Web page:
The Ravenous Need For Religious Order

Several weeks ago, a dear friend of mine told me, “I thought I could handle being an atheist. But I just can’t. The world is too terrifying without a religious structure. So I’ve chosen to go back to church, and go back to believing.” He said it with a downcast look of shame as if he was confessing something terrible. I didn’t think he was. I appreciated his honesty.

I often feel like the world is divided between two types of people: those who feel the Religious Itch and those who don’t. I’ve previously described these two groups as the Unbound and the Bound. The Bound are those who feel empty without being tied to a religious structure; the Unbound are those who cannot comprehend such a state as anything other than bondage.

I’m an atheist who also happens to be one of the Bound. Like so many, I feel the raging maw of emptiness when I confront a world without ordered religion. Before I found my current religious practice, I would look at my theistic friends – even my conservative theistic friends – and envy them. I yearned for the structure that I once knew as a Catholic, as a missionary in YWAM, as a Protestant child.

If there is one thing that fundamentalists understand, it is the ravenous craving for a religious order. When Eastern Orthodox theocrat Rod Dreher speaks about the desperate need for re-enchantment in the modern world, he is speaking to a deep appetite. When Jewish writer Yoram Hazony writes about the poverty of modern religious life and uses that to defend The Virtues of Nationalism, he is sounding a dog whistle that only The Bound can hear. And, in a recent piece for the Atlantic, Christian apologist Timothy Keller argues for a revival of Christianity in our culture leading with the conviction that religion itself is good for society. He writes,

Many secular social theorists—including Émile Durkheim and Jonathan Haidt, to name two—show how religion makes contributions to society that cannot be readily supplied by other sources. Cultural unity, Durkheim argued in the 1890s, requires a “conscience collective,” a set of shared moral norms that bind us together in a sustained way. These norms are understood to be grounded in something sacred and transcendent, not created by culture. Durkheim recognized the difficulties secular cultures have in cultivating moral beliefs that are strong and unquestionable enough to unite people.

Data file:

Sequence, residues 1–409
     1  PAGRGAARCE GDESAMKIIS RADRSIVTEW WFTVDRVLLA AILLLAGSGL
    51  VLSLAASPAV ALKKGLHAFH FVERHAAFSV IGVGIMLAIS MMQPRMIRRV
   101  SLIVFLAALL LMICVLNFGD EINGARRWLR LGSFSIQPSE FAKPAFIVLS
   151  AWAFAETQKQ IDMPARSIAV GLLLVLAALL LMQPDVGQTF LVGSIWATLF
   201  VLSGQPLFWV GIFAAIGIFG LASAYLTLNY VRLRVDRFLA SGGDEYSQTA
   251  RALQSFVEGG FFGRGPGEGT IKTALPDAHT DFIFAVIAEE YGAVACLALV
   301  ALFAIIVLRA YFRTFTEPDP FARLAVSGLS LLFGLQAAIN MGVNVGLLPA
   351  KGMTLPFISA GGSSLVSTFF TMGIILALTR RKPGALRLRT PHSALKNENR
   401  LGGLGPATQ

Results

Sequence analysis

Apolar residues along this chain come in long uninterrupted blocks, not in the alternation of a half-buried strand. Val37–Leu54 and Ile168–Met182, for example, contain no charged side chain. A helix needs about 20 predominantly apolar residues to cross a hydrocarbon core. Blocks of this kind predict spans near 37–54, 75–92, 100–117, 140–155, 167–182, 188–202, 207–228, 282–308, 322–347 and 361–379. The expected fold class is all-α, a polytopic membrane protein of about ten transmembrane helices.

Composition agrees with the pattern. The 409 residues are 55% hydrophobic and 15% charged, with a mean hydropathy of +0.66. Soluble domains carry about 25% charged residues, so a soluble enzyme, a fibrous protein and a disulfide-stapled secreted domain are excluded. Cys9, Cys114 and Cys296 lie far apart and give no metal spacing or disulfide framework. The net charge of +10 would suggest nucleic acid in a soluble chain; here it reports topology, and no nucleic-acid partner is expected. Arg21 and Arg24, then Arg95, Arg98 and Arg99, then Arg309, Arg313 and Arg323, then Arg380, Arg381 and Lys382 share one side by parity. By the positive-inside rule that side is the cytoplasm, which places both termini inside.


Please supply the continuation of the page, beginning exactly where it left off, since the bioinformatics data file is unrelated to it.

In his book Kindly Inquisitors, journalist and atheist Jonathan Rauch writes from the other side of the faith divide about the dissatisfaction with the secular liberal order:

The complaint from spirituality is in many respects the strongest and the most deeply felt. It says to liberal science: “Look at the vast continents of human spiritual and supernatural belief and experience, the deeps of myth and the peaks of religious revelation. All of that you relegate to the fringe of nuttiness or the interior limbo of purely mental phenomena. Are you simply going to ignore so much that is so important? Are you going to dismiss or define away what is, for millions of people, the richest part of human life? Can you so impoverish human souls, leaving them nothing but the parched findings of your sciences? If so, it is a disgrace.”